Brazil Re-Opens Its Borders To Venezuelan Migrants Following Supreme Court Decision


Brazil has reopened its northern border to Venezuelan refugees after briefly blocking the frontier earlier in the week. The Supreme Court overruled a decision made by a federal court in the state of Roraima to temporarily close the border in an attempt to contain the influx of migrants. In Supreme Court Judge Rosa Weber’s ruling on the federal court’s decision she said, ‘It is not justified to take the easy path to ‘close the doors’ because of difficulties in hosting refugees’.

Hours earlier, federal Judge Helder Barreto argued that the suspension was necessary in order for the border state to create the conditions suitable for a ‘humanitarian reception’. In justifying his ruling, which was met with outcry by humanitarian groups, Judge Helder Barreto argued that a state could ‘adopt the immigration policy that it understands, as long as it does not violate the Federal Constitution and the autonomy of states, and municipalities.’ However, the Supreme Court decision declared the request to close the borders as contrary ‘to the foundations of the Federal Constitution, Brazilian laws and treaties ratified by Brazil.’

Roraima, located in the Amazonian region of North Brazil, is one the country’s least populated state with approximately 500,000 citizens. It is also one of its poorest  The migration crisis has put significant strain on the state’s health and education services with the rate of health attendances rising by 6500% in 2017. Crime rates are also said to have increased by 132% since 2015.

While the main border crossing, near the small border city of Pacaraima was closed on Monday, around 200 Venezuelans found themselves unable to process their immigration registration. The impact of the surge in asylum seekers is most visible in Pacaraima where currently there is an estimated 3000 Venezuelan refugees sleeping in the streets.

Shelters in the town, and across the state, are stretched to capacity. Socorro Lopes, who coordinates a shelter for indigenous migrants in Pacaraima, told The Guardian that there are 400 people sleeping at the shelter, despite it only having the capacity for 250. ‘It is not ideal, but we have a structure,’ she said. In Boa Vista, the state’s capital, Venezuelans account for around 20% of the city’s population.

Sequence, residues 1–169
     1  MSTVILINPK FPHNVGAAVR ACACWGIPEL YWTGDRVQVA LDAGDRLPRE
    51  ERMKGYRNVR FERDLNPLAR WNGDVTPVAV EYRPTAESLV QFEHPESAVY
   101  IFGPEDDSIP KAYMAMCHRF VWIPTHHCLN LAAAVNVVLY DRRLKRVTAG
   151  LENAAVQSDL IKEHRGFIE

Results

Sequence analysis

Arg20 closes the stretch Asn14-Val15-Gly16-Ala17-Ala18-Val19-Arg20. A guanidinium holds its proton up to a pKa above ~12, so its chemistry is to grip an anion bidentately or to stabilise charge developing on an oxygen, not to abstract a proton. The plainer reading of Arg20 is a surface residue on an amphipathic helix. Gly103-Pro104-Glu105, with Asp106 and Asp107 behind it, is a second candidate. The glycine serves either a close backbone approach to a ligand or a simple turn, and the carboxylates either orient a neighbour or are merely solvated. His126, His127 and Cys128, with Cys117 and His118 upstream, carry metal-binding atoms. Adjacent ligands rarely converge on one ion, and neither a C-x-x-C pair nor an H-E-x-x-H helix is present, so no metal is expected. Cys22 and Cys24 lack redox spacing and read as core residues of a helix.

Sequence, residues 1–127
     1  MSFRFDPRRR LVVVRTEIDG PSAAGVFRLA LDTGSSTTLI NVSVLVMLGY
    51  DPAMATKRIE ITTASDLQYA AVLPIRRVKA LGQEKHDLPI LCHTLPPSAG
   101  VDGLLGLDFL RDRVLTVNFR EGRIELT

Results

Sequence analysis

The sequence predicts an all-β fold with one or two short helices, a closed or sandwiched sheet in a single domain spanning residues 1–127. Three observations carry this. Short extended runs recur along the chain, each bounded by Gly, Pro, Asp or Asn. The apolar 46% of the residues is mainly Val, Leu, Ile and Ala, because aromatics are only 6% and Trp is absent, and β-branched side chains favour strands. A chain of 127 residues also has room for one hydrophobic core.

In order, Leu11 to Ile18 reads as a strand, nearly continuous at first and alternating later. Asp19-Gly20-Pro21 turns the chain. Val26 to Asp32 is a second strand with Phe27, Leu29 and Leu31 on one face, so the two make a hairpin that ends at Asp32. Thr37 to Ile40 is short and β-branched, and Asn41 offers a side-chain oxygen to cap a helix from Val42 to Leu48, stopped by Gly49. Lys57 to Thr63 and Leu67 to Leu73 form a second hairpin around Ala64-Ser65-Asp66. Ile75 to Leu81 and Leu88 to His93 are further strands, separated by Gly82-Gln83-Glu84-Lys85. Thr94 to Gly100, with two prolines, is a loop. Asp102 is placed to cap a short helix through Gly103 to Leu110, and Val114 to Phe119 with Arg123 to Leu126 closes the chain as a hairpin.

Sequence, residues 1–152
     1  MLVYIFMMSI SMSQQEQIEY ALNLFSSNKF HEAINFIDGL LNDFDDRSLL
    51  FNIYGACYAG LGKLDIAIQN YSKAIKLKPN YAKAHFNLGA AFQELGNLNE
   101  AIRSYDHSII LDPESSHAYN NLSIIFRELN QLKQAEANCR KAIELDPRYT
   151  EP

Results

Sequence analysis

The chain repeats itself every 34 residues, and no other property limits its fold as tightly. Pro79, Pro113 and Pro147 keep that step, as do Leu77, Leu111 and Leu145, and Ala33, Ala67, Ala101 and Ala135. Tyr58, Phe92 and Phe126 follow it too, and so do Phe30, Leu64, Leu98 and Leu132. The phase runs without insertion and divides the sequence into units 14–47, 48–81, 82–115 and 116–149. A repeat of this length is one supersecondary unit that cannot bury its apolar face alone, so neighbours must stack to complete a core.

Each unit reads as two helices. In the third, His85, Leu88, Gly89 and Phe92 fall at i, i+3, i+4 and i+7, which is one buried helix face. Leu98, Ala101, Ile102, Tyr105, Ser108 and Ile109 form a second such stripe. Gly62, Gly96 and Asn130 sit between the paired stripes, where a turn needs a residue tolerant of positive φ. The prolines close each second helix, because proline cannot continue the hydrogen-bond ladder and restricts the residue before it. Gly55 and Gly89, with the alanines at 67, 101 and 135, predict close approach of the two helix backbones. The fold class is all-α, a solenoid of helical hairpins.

In previous months, the state government has urged the Supreme Court to shut the border crossings with figures suggesting around 500 Venezuelans cross the northern border each day. Following the federal court ruling, state governor Suely Campos told reporters ‘We have been asking the federal Supreme Court since May to close the border, as well as for ­financial assistance to minimise the impact on public services.’

The state has requested $49 million in compensation in order to cope with the costs to their health, education and security services. As well as this, at the beginning of the month, Campos made it mandatory for Venezuelans to present their passports in order to access social services and issued a decree that police must deport any migrants who commit crimes.

Since 2015, more than 56,000 Venezuelans have fled to Brazil to escape the political unrest, violence and economic despair embattling their home country. Hyperinflation has led to record food and medicine shortages, with supermarket shelves bare and power failures frequent. The UN refugee agency (UNHCR) reported that 117,000 Venezuelans have claimed asylum this year, already more than the total figure for 2017.

Federal police reported on Tuesday that the migration patterns in Roraima had returned to normal following the reversal of the decision to close the border. However, the question remains as to how an overwhelmed and under-resourced state will continue to manage such mass migration.

Daisy D'Souza

A Masters of Internationals Relations student interested in issues of development, international security, inequality and world peace
Daisy D'Souza